Doubling Down

Posted in Command Tower on January 7, 2016

By Adam Styborski

Stybs has played Magic the world over, writing and drafting as part of the event coverage team and slinging Commander everywhere his decks will fit.

Making mana is a fundamental part of Magic. While we've come a long way from the first booster packs running an Island in the rare slot (lands really are that important!), it hasn't been a flat road. There've been some complications along the way.

Mirari's Wake | Art by David Martin

Mana Flare also slotted in as a rare in Magic's first boosters, and its ability was a simple doubling effect—everybody's lands tap for an extra mana. It wasn't harmless: coming down on your own turn meant it often boosted your opponent first, leaving you to play catch-up on every turn thereafter. Heartbeat of Spring shifted the ability into green's portion of the color pie, though Mirari's Wake was the first to do it asymmetrically.

Asymmetry is a notable angle to effects. If powerful benefits are yours exclusively, or potent detriments are just for your opponents, the effect is something to consider. Mana Flare's downside was giving your opponents a lift along the way. It's what set Mirari's Wake so far apart; not only was it an exclusive mana bonus for you, it tacked on an additional bonus for you on top of that.

Dictate of Karametra tried to solve the Mana Flare problem by letting you bring it down just before your turn started, giving you the tempo lead on doubling up your mana—and the option to blow it up before passing the turn. However, reaching the heights of Mirari's Wake has been a challenge for everything short of Mana Reflection—which literally doubles the mana you receive from every source you have on the battlefield.

Zendikar Resurgent certainly gives it a shot.

Another Chip in the Pile

Mirari's Wake is double the dose of goodness, and Zendikar Resurgent is the same. It's an asymmetrical pair of bonuses, and both are outstanding:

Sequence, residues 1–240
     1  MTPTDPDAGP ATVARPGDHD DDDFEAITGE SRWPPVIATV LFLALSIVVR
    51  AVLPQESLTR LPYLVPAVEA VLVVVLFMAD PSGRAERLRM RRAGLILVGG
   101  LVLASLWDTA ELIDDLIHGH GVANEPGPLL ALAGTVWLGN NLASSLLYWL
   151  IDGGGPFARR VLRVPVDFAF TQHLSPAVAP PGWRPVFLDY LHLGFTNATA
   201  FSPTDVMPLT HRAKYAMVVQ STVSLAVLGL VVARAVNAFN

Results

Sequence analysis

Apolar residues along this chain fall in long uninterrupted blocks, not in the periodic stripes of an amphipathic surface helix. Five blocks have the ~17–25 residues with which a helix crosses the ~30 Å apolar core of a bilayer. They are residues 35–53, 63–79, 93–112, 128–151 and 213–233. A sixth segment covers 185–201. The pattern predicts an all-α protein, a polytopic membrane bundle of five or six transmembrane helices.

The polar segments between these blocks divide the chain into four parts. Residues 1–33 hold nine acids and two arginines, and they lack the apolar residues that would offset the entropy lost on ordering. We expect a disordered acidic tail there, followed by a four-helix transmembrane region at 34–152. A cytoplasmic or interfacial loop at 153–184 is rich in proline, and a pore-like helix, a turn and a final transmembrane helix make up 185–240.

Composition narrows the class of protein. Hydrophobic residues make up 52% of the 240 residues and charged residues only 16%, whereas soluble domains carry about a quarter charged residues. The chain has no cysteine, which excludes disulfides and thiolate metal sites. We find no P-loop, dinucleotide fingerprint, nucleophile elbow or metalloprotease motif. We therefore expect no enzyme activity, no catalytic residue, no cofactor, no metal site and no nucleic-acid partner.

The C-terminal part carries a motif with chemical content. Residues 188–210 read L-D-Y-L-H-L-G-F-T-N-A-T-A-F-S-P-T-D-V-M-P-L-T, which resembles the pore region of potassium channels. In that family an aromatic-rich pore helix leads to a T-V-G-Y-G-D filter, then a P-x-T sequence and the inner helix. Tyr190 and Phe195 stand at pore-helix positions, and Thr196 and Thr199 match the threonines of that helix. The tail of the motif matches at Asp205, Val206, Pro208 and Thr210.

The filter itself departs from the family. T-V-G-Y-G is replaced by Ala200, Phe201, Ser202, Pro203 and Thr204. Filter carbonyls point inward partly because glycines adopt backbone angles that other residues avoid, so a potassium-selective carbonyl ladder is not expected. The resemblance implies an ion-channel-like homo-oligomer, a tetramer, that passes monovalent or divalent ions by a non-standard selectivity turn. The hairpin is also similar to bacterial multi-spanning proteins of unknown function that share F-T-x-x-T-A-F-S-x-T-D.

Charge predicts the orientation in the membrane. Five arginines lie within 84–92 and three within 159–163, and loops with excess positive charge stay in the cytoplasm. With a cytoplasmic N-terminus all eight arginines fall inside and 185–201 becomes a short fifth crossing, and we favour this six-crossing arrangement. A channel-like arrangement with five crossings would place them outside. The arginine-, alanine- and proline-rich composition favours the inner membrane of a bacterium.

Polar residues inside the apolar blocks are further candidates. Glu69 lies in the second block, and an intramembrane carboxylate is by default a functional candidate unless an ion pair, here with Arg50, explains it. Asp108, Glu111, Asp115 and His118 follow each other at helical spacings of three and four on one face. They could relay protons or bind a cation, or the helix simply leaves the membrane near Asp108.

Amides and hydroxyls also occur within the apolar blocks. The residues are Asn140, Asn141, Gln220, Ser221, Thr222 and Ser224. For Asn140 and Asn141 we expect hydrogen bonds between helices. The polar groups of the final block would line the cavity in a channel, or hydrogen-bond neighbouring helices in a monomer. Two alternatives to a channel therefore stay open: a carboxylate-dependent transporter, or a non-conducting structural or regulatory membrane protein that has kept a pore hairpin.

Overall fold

• Doubling mana from lands has been gravy for a long time. Any time you can make it happen for just yourself is something to consider.
  • Drawing a card for each creature spell you cast approaches Mirari's Wake in terms of utility. Having more mana means casting more creatures, which means drawing more cards—it's a chain that fits together well.

When you play Zendikar Resurgent, opponents will react accordingly, digging through their hand and even deck to find a way to blow it up. Like Mirari's Wake, if somebody can answer the enchantment, they will. It's just too powerful to ignore.

But the times they don't find anything, you get to do amazing things when you untap.

At the top of that list are creatures like Great Whale and Palinchron, which will fuel casting a flurry of things by doubling mana and drawing a card when you cast it. (Palinchron lends itself to many powerful combos. Zendikar Resurgent is just one more—and something opponents will dislike just as much as the other ways to take advantage of it!) But beyond that, there are several more creatures that pivot things in interesting (read: looping) ways:

Looping creatures in and out of play to draw a hand overflowing with cards is something your opponents will not take lightly, so tread carefully if you plan to go wild with maximizing everything Zendikar Resurgent can do.

The other approach to handling Zendikar Resurgent is the same as how I handle putting Mirari's Wake into one of my decks: treat it as a bonus that smooths things out if it sticks but isn't in a deck built to pivot combos off of it. It doesn't make the enchantment any less scary to everyone sitting across from you, but it does mean your plans will work even if Zendikar Resurgent isn't around.

One of my favorite commanders of all time is Rhys the Redeemed, and I've been updating his deck throughout recent releases. Zendikar Resurgent fits right into the deck:

Stybs's Rhys the Redeemed

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COMMANDER: Rhys the Redeemed
99 Cards

The way the newest pieces of the deck fall into place is a delight. Battle for Zendikar's Blighted Steppe turns into enough life to weather powerful attacks, while Commander (2015 Edition)'s Command Beacon and Verdant Confluence ease the mana issues of playing Rhys the Redeemed early and often. Now, Oath of the Gatewatch gives us Zendikar Resurgent to fuel out big mana plays and potentially draw a few extra cards along the way.

The number of victories secured off the back of an end-of-turn Secure the Wastes keeps growing. Bigger, earlier X spells will only improve things.

Cashing In

Of course, that's the real attraction of effects like Zendikar Resurgent: untapping with a battlefield that you can pour your mana into. While I don't expect Zendikar Resurgent to dominate in Standard or explode in a Modern deck at Pro Tour Oath of the Gatewatch, I do expect to play it and upend an entire game of Commander.

We wouldn't have it any other way.

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